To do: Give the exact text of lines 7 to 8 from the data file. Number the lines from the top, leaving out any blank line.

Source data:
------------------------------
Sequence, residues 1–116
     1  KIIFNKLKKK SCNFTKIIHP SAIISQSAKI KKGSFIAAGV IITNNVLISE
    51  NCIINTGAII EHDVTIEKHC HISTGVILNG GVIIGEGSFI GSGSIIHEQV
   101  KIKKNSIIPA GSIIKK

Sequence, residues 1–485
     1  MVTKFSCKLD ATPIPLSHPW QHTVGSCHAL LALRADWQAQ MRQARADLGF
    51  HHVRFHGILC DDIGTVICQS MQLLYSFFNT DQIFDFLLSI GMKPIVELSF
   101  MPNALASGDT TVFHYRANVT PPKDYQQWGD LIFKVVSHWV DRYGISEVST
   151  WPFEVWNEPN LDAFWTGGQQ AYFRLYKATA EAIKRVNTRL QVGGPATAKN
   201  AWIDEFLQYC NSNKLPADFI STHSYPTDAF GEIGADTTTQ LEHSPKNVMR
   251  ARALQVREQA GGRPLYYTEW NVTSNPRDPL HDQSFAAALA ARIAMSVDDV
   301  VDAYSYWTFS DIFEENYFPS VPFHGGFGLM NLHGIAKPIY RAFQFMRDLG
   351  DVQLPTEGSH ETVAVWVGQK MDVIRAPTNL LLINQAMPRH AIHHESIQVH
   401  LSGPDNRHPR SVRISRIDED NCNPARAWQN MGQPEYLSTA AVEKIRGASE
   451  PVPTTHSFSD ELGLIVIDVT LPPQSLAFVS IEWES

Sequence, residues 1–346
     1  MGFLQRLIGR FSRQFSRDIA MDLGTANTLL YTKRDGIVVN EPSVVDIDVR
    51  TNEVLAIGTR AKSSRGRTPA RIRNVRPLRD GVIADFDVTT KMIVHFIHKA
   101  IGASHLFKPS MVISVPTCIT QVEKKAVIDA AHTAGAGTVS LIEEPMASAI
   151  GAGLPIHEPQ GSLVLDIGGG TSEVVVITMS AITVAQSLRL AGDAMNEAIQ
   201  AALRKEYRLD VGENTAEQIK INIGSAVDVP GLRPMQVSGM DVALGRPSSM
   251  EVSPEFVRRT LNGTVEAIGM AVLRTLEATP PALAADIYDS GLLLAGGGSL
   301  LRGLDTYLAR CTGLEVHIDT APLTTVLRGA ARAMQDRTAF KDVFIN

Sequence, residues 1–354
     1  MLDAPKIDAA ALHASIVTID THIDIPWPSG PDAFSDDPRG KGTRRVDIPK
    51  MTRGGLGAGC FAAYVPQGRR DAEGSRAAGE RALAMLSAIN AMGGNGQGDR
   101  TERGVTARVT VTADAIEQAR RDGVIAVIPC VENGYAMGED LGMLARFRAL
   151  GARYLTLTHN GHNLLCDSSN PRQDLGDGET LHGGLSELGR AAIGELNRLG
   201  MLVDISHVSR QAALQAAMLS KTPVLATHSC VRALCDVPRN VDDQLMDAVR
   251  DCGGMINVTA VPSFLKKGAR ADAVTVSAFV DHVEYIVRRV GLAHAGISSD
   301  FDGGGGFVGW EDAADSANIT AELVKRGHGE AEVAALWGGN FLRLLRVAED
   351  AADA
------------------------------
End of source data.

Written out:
    51  HHVRFHGILC DDIGTVICQS MQLLYSFFNT DQIFDFLLSI GMKPIVELSF
   101  MPNALASGDT TVFHYRANVT PPKDYQQWGD LIFKVVSHWV DRYGISEVST